Outside the Pit is a recurring installment for Mosh Pit Report that focuses on the music we at Mosh Pit Report listen to when we're not moshing. We encourage our readers to check out all the artists we cover and expand outside some of their typical musical comfort zones.
On Sunday festival goers at Boston Calling got the second half of the true ‘New England experience’ as the weather turned from 90’s and sunny on Saturday to the low 60’s with clouds. However, a much more relaxing day in the crowd would prove to make room for an even more exciting day on stage, and it was the girls’ day to shine as several of the days’ acts were female lead artists.
During the early portion of the day it was French synthpop act Christine and the Queens who caused a stir. Backed by several energetic dancers – all dressed alike in plain white t-shirts and grey slacks - it was vocalist Héloïse Letissier whose attitude and swift dance moves drew eyes to the JetBlue Stage. Letissier channeled her inner Michael Jackson as she strutted her way through a set that was unfairly short.
Next up was Unknown Mortal Orchestra on the Xfinity Stage. The groups’ psychedelic, garage rock made for a loose, fun set. The experimental sounds they provided were a great choice by bookers to put early in the day as a crowd full of music fans with a piqued interest danced away. Drummer Riley Geare was a bright spot as well with his energetic playing.
Meanwhile, over on the local stage it was alt-country outfit These Wild Plains who drew a crowd. Their twangy, Nashville inspired sound has earned them praise at festivals as far as California’s Stagecoach Festival. The local band thanked their parents for being in attendance and put on a stellar set in front of friends & family
Charles Bradley & the Extraordinaires brought the funk to Boston Calling, Bradley is a rags to riches story who began his music career at 62 when he released his debut album via Daptone Records. Bradley got his start as a James Brown impersonator in his early days and the influence is still there in his original material, mixed in with some Otis Redding.
Pop punk/emo got it’s turn to shine when New Jersey outfit The Front Bottoms brought their fun, energetic sound to the JetBlue Stage, stirring up the crowd for the weekend’s rowdiest set. Playing songs from their Fueled by Ramen debut “Back on Top” and their 2013 cult favorite “Talon of the Hawk” the band had a lot of fans in attendance, evidenced by the long sing-a-long taking place throughout much of their set.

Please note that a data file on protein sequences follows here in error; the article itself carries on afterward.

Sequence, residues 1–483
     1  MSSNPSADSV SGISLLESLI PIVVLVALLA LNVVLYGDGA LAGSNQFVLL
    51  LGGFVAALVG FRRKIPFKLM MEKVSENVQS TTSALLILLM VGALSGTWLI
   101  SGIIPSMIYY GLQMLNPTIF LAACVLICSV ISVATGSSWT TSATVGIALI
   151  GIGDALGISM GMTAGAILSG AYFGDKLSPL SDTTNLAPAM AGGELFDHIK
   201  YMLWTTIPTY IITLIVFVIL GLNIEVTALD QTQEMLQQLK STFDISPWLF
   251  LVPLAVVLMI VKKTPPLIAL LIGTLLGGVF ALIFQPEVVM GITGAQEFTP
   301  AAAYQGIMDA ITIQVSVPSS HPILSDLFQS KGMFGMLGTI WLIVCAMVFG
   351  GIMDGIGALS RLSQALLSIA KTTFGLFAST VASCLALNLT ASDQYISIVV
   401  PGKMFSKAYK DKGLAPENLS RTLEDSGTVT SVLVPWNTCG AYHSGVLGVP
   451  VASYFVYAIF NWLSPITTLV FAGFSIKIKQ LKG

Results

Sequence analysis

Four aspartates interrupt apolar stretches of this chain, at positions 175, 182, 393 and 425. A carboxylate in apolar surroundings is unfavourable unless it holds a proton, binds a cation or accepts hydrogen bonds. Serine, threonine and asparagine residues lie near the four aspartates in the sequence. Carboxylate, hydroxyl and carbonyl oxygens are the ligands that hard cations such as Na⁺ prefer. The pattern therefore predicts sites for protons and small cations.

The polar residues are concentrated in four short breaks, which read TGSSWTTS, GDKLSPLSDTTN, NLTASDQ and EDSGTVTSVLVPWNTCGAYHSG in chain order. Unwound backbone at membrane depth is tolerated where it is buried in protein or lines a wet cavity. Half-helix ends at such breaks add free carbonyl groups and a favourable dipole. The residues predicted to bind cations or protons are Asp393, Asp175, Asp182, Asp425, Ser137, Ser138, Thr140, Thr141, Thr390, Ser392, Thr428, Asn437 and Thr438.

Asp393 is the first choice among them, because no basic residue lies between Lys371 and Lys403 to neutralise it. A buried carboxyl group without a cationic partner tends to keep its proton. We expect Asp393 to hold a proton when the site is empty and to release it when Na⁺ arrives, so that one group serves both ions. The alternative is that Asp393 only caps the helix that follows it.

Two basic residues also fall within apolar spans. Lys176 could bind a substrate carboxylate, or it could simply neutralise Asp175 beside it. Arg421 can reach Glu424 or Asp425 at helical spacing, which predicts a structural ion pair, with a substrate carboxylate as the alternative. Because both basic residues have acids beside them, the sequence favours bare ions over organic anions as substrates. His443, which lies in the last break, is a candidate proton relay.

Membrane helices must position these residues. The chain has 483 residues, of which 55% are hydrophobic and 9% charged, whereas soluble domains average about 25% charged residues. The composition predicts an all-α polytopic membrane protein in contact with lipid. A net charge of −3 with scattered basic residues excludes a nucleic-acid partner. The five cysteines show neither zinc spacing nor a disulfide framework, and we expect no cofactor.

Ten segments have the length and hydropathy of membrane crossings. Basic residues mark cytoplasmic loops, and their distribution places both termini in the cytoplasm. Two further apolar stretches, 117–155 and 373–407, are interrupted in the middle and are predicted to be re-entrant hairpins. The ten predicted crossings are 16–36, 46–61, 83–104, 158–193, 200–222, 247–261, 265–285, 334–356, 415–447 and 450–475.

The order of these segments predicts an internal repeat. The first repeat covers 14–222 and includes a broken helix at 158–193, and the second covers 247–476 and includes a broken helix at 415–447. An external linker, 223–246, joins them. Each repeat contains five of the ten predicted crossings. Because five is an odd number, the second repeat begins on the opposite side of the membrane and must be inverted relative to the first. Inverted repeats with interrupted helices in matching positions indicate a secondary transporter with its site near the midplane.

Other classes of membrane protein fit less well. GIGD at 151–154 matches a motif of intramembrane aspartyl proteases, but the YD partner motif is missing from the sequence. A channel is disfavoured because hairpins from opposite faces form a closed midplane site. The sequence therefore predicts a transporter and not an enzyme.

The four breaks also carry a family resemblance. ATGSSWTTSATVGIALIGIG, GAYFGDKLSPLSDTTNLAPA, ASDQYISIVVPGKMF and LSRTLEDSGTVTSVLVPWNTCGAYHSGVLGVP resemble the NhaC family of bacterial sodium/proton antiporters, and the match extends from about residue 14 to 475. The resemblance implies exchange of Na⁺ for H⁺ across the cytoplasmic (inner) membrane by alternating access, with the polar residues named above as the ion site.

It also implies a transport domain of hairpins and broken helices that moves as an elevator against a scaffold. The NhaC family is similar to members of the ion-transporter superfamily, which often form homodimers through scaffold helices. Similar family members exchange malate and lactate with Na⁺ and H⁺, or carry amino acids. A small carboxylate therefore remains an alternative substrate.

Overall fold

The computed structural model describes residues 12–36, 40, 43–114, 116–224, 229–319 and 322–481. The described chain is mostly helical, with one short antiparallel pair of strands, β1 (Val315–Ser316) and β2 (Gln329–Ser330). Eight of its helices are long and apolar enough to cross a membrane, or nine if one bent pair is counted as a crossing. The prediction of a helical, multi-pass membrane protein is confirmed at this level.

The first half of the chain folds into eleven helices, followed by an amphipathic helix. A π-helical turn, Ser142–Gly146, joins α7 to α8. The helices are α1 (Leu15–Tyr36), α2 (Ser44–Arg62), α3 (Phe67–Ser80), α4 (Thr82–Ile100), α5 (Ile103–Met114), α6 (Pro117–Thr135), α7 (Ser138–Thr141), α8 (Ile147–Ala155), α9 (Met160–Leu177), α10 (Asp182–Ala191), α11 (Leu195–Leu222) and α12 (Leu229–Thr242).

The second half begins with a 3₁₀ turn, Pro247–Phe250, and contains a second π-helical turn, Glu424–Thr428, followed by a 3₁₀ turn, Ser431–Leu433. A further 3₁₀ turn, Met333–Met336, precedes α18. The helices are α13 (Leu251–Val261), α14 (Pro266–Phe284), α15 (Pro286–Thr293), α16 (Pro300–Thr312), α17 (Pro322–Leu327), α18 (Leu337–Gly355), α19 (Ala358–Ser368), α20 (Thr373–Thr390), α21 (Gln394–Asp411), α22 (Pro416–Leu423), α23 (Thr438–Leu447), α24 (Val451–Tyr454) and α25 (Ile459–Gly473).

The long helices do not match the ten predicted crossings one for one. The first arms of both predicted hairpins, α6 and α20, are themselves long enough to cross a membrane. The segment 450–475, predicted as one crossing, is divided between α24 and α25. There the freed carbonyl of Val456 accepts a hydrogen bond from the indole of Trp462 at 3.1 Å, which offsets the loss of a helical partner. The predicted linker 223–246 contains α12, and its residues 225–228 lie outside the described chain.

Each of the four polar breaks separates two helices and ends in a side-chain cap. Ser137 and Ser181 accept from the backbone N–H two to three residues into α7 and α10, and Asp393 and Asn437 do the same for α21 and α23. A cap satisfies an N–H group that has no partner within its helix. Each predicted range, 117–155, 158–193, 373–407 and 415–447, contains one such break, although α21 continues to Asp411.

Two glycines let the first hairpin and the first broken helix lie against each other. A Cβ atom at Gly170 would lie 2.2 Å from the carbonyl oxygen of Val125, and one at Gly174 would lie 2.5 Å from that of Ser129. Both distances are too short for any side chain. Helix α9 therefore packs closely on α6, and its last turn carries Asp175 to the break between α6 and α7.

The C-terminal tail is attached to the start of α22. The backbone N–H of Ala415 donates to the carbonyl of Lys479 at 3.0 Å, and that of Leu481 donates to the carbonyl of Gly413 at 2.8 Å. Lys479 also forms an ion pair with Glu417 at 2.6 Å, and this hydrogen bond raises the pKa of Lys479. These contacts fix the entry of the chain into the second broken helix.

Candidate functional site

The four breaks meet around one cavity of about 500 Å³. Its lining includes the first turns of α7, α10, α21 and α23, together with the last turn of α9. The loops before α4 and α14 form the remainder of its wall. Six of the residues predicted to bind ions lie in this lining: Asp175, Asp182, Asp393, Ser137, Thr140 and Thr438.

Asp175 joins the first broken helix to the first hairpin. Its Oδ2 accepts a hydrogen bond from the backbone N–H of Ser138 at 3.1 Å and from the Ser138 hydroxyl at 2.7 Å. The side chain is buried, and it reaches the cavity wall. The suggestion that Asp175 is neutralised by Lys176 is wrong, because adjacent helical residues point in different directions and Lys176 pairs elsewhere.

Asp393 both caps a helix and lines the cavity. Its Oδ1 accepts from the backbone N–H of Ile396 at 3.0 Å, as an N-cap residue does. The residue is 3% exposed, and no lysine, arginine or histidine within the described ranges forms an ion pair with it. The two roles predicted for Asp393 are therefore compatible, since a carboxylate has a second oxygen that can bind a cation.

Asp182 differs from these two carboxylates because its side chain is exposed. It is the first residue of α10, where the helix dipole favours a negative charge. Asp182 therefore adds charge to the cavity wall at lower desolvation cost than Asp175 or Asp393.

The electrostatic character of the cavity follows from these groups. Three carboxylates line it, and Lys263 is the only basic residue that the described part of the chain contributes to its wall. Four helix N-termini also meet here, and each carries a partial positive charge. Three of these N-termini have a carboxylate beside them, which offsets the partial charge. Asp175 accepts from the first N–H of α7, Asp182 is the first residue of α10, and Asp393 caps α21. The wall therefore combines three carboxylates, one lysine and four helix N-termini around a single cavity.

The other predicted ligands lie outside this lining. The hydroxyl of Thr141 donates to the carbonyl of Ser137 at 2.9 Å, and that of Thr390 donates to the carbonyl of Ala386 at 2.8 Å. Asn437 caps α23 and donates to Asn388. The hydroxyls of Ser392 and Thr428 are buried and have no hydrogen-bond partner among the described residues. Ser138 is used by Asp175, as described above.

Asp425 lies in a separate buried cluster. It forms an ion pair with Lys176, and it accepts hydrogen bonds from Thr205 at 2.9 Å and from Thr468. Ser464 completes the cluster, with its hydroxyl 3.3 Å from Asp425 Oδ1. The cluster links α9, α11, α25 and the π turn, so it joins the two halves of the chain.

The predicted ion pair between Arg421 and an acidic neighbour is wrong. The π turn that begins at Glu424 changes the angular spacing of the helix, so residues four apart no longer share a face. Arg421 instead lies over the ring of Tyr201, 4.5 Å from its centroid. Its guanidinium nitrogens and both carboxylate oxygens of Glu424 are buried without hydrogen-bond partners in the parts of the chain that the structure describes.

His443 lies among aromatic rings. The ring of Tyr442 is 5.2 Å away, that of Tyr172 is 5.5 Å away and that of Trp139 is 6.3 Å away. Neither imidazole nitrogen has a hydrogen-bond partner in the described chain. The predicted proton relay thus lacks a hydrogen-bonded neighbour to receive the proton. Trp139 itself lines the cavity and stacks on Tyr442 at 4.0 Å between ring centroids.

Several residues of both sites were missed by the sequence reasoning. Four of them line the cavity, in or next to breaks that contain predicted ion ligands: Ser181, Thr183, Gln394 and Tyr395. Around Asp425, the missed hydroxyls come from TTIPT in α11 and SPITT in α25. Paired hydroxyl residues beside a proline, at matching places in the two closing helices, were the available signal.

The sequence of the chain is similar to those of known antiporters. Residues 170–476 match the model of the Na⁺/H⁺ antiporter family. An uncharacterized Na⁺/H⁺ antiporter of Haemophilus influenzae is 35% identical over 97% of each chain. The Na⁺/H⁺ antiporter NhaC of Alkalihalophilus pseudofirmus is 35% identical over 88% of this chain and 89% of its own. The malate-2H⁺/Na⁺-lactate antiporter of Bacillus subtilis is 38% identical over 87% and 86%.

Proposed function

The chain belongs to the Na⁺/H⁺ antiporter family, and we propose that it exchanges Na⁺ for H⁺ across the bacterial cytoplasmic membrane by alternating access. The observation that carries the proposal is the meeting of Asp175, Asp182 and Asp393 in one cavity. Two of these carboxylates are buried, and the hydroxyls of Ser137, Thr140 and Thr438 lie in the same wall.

Ex’s and Oh’s singer Elle King kicked off a triple threat of three consecutive female lead acts, King brought the country rock back out a bit later with her southern attitude and bad girl stage presence. Clad in a black leather jacket complete with fringe King covered both Johnny Cash and the Beatles bringing some mid 20th century festival rock to the modern day sea of iPhones and cameras.
Following King was what was Sunday’s – and perhaps the weekends – strongest performance when Janelle Monae took to the JetBlue stage for a set dripping with style and swagger. Monae arrived to the stage, wheeled in on a hand truck a la Hannibal Lector. Monae covered James Brown, The Jackson Five, and Prince in the same set, a bold move, but one that paid off as she nailed every song, putting her own spin on them and doing them true justice with her own swagger. Her set also featured plenty of original songs like “Electric Lady” and “Tightrope.” Monae’s stage presence was on par with artists of the upper echelon – think ‘Prince level’ cool – her attitude had the attention of everyone at the festival, no matter who they had shown up to see. Her performance was the talk of social media in Boston for the rest of the evening.
Ending the triple threat of girl rockers was the Haim sisters who headlined the Xfinity Stage. The trio’s modern classic rock sound were a perfect compliment to cap off the rock portion of the festival, as their Fleetwood Mac inspired rock and roll was highlighted by Danielle Haim’s guitar playing, showing potential to be a guitar hero for a new generation. Two new songs “Give Me Just A Little of Your Love” and “Nothing’s Wrong” gave the crowd a look at what’s to come for the band as they’re currently in the process of working on their sophomore album, a follow up to their 2013 debut “Days Are Gone.”
The festival’s final set was provided by UK indietronica duo Disclosure. Who’s stage lights were about as powerful as the bat signal from Batman, shining lights into the city of Boston’s skyline. Their set was a visual masterpiece with the lighting, lazers, and videoboards that provided a multi-faceted experience. Their music turned the festival grounds into one big – mostly bad – dancing extravaganza. Rumors had been swirling early in the day that Sam Smith would be making an appearance during their set, but it would prove to be just a rumor. They did however, bring out singer/songwriter Brendan Reilly to sing during their encore.
Thankfully for the crowd in attendance Sunday was not nearly as hot temperature wise, so it was definitely a more enjoyable atmosphere for the crowd. Many had a chance to check out new artists with the comfort factor of lower temperatures giving them more of a chance to relax rather that seeking water and shade.